It WAS THE WINTER OF 1967, AND I WAS IN SEVENTH GRADE. WE HAD MOVED TO WASHINGTON AFTER BOGOTÁ, AND WERE NOW LIVING IN A SUBURBAN MARYLAND NEIGHBORHOOD NEAR TO WHICH WE’D PLAYED AFTER KENNEDY WAS SHOT.
Now here we were in America, where the television news featured a person called a weatherman who told you what the weather was. I thought it was odd, when all you had to do was walk outside. However, I became a fan the night the weatherman said the magic words: “Snow!” Susie and I raced over to the sliding glass doors, pulled back the curtain, and threw on the patio light. Sure enough, flakes were falling. They looked like the white ashes blowing through the air at our despedida farewell barbecue outside Bogotá.
By morning, we had a couple of inches of snow on the ground and the television announced that school was cancelled. We went across the street to the Murrays who had some extra snow pants and Barbara and her sister Janet showed us how to make snow angels, just like Laura and Mary did in the Little House in the Big Woods. We had tomato soup and grilled cheese at our house since Mom said Mrs. Murray had enough to do with us in and out of there all morning.
More snow came, and eventually we had enough to go sledding at the park down the street where we had done arts and crafts during the summer. The Murrays had a sled that could fit three of us, so we took turns flying down and trudging back up, dodging sleds and saucers and kids sliding down on their butts.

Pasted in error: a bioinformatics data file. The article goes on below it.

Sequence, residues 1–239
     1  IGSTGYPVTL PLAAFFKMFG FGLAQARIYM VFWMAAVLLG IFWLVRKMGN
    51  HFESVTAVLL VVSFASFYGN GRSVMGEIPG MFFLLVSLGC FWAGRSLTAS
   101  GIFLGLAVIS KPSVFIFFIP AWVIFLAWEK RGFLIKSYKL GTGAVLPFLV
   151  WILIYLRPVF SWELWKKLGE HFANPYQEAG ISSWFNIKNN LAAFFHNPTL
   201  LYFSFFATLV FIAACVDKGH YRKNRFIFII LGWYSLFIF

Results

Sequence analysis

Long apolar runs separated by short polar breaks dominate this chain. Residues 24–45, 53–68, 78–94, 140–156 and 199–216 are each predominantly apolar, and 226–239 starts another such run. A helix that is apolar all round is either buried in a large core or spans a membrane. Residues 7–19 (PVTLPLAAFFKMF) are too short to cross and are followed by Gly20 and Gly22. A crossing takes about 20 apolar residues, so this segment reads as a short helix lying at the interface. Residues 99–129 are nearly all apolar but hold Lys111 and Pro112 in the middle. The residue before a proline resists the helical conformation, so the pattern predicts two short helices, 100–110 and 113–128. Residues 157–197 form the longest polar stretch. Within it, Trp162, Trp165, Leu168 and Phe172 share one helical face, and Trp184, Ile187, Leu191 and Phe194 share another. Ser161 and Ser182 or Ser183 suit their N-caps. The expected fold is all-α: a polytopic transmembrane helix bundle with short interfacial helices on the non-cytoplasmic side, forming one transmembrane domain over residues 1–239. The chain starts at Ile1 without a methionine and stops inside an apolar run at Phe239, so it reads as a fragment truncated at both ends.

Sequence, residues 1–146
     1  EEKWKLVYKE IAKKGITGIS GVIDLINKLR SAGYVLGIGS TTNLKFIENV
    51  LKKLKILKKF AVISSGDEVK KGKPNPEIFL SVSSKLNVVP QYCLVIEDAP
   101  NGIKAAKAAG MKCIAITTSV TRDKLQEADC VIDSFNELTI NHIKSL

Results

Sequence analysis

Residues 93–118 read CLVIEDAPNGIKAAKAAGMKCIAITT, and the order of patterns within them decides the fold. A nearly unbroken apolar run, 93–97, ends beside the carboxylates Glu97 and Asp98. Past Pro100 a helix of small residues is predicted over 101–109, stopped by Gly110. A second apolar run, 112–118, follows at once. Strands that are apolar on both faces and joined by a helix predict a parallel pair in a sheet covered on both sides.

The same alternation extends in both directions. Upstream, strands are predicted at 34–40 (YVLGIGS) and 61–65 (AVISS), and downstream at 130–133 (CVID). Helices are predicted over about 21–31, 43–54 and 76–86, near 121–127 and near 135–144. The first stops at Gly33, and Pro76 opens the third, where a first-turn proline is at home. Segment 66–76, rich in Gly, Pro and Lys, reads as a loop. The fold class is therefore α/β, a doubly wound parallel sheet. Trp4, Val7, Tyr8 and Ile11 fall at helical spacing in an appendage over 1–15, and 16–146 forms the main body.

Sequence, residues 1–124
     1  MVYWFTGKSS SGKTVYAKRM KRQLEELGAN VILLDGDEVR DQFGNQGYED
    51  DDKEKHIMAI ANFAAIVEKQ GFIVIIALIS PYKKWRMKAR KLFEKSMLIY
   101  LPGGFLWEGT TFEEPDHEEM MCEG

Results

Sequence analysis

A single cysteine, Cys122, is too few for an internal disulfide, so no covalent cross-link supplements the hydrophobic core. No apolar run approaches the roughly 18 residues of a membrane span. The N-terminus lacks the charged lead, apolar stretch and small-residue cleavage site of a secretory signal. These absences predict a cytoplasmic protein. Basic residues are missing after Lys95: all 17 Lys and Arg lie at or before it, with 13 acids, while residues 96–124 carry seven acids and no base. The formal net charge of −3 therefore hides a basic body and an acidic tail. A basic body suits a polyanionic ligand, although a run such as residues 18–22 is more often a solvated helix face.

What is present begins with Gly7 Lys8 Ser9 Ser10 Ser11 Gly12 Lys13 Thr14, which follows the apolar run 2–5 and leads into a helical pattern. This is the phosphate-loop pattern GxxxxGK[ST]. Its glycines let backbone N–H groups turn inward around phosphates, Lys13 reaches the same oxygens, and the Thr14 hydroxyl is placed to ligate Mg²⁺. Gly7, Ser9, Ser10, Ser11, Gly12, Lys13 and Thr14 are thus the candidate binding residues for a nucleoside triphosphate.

One Saturday evening a few weeks later when my best friend Alice was over, there was really great snow on Bartonshire, except Mr. Duggan next door had parked his car where I wanted to sled. I told Alice that I was going to ask him to please move his car to the carport, and she was so surprised since I wasn’t usually that bossy. But, I did, and he did, and we sledded until Mom called us in for Colombian hot chocolate and bed.
Alice was even more surprised a few weeks later when I flew a paper airplane in Mrs. Rowland’s English class. There it was lying on the floor in front of my seat. The class was working quietly on homework; Mrs. Rowland’s white head was bent over papers she was grading. I reached a foot out and pulled the airplane under me, then leaned over and picked it up. Alice caught my movement.
“I’m going to fly this,” I mouthed.
“Jane!” Alice was alarmed but muted.
I creased its folds carefully and tossed that airplane across the room over everybody’s heads.
Mrs. Rowland looked up from her papers. “Who did that?”
I felt just like the heroine in a book who feels herself shrinking with embarrassment. I raised my arm while the rest of me shriveled.
Mrs. Rowland looked at me for a very long ten seconds, and then went back to grading her papers. She didn’t say a word to me, not then, not when the bell rang and we went to next period. Anyone else would have been sent out into the hall, or across the hall to the principal’s office. Alice could not believe that I’d done it. I couldn’t believe my wickedness.
Who was I becoming?